same asset when market prices are high, given the same dollar
amount available each period for investment.
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Q: How are
employee contribution limits set?
A: The Internal Revenue Service
(IRS) limits the amount a participant can contribute before taxes
to 401(k) plans to a maximum dollar amount subject to special
non-discrimination tests. The amount an employee can
contribute after tax is also subject to certain limitations. A more
complete discussion is contained below in the section entitled
"Regulation of Defined Contribution Plans".
Until recently, a tax-qualified retirement plan could not
include an IRA. However, under the tax legislation passed in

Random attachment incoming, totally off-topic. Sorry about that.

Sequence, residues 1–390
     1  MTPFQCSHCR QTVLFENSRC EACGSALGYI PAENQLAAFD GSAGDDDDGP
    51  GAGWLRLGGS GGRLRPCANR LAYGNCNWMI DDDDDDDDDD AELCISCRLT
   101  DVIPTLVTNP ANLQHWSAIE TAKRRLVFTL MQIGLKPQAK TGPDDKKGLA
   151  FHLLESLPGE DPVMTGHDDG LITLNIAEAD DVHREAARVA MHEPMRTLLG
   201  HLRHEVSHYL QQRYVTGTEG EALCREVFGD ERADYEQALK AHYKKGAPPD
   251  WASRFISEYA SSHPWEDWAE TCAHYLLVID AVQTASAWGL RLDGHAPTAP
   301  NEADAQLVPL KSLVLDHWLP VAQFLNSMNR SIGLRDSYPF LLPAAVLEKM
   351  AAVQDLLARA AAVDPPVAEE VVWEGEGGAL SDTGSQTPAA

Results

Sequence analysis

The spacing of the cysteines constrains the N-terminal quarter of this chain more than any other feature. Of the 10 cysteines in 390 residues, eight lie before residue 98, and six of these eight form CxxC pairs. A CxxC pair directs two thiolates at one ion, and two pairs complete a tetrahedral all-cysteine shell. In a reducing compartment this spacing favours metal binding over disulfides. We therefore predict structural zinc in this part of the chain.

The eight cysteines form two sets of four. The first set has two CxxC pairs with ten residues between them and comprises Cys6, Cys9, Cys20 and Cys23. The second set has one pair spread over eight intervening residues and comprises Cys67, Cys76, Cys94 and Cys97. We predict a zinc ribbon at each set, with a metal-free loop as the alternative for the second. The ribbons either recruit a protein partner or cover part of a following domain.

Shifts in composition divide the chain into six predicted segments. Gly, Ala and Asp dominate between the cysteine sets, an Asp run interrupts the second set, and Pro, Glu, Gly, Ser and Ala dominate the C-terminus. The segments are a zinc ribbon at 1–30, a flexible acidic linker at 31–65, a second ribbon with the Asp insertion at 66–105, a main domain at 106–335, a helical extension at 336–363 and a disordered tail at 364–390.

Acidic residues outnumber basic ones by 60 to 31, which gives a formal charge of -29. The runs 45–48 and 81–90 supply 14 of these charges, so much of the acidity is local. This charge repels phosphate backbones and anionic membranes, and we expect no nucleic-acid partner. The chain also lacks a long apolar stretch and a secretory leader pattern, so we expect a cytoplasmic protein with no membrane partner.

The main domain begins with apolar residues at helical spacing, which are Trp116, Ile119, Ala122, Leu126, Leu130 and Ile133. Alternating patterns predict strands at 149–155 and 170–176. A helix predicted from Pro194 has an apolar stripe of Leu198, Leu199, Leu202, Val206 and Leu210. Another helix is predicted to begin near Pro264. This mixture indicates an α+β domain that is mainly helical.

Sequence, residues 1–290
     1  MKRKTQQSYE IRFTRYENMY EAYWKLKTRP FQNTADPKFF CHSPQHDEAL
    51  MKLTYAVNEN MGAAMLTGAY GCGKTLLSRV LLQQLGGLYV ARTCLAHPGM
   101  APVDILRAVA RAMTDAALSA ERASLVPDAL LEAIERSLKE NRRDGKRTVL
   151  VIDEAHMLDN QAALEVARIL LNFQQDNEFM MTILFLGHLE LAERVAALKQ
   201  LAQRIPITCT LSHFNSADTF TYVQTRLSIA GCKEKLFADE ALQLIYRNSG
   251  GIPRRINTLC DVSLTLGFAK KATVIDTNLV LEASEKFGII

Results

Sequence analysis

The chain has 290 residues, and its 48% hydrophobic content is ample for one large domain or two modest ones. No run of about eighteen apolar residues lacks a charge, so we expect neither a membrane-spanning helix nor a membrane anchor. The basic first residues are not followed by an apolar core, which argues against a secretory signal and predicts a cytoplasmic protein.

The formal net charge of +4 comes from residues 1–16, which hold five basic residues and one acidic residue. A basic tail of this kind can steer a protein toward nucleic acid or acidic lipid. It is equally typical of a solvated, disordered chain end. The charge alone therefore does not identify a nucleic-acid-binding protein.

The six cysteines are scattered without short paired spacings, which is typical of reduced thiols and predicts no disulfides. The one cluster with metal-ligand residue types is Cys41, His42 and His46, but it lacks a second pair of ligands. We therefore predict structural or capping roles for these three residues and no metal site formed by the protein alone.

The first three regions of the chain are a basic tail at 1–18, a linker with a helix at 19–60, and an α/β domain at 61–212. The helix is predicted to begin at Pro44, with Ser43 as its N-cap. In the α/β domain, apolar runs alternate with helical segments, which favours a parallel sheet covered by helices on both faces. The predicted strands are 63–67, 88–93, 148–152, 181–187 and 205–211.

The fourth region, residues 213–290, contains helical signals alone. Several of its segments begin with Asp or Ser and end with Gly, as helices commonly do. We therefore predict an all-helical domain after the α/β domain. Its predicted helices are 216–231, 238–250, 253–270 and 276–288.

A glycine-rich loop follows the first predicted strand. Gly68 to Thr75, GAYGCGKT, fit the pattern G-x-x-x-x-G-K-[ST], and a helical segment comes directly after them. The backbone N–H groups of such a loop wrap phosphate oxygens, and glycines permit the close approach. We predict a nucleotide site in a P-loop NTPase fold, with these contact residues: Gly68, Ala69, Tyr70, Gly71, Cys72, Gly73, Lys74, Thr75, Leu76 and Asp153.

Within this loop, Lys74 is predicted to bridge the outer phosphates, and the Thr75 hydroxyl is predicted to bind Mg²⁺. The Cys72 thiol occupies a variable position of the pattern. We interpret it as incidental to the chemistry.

2001 such plans (e.g., 401(k) plans) are permitted to accept
voluntary employee contributions to a separate account that (1) is
established under the tax-qualified arrangement, and (2) meets the
requirements for a traditional IRA. These accounts would be
deemed IRAs and the IRA rules would apply, effective for plan years
beginning after 2002. Furthermore, after 2005 employers may
allow employees to make "Roth" contributions to 401(k) plans.
An employee would contribute after-tax dollars, but, as with Roth
IRAs, both contributions and earnings generally would not be
subject to tax upon distribution from the plan.
Q: What are the
withdrawal provisions in a 401(k) plan?
A: A participant or beneficiary
can withdraw assets upon the participant's retirement, death,
disability or separation of service. Subject to a plan's
design, participants can take their money in the form of a lump sum
distribution, including rolling the money into another qualified
retirement plan or an Individual Retirement Account (IRA).